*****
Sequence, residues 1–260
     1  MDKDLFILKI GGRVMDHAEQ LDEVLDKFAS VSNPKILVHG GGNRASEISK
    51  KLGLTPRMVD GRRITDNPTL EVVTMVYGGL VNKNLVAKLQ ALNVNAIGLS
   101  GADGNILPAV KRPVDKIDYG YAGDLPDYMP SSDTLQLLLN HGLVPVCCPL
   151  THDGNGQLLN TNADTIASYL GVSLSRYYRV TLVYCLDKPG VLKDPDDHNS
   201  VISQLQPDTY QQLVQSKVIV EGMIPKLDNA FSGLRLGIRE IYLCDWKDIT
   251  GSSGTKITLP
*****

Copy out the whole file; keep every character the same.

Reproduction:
Sequence, residues 1–260
     1  MDKDLFILKI GGRVMDHAEQ LDEVLDKFAS VSNPKILVHG GGNRASEISK
    51  KLGLTPRMVD GRRITDNPTL EVVTMVYGGL VNKNLVAKLQ ALNVNAIGLS
   101  GADGNILPAV KRPVDKIDYG YAGDLPDYMP SSDTLQLLLN HGLVPVCCPL
   151  THDGNGQLLN TNADTIASYL GVSLSRYYRV TLVYCLDKPG VLKDPDDHNS
   201  VISQLQPDTY QQLVQSKVIV EGMIPKLDNA FSGLRLGIRE IYLCDWKDIT
   251  GSSGTKITLP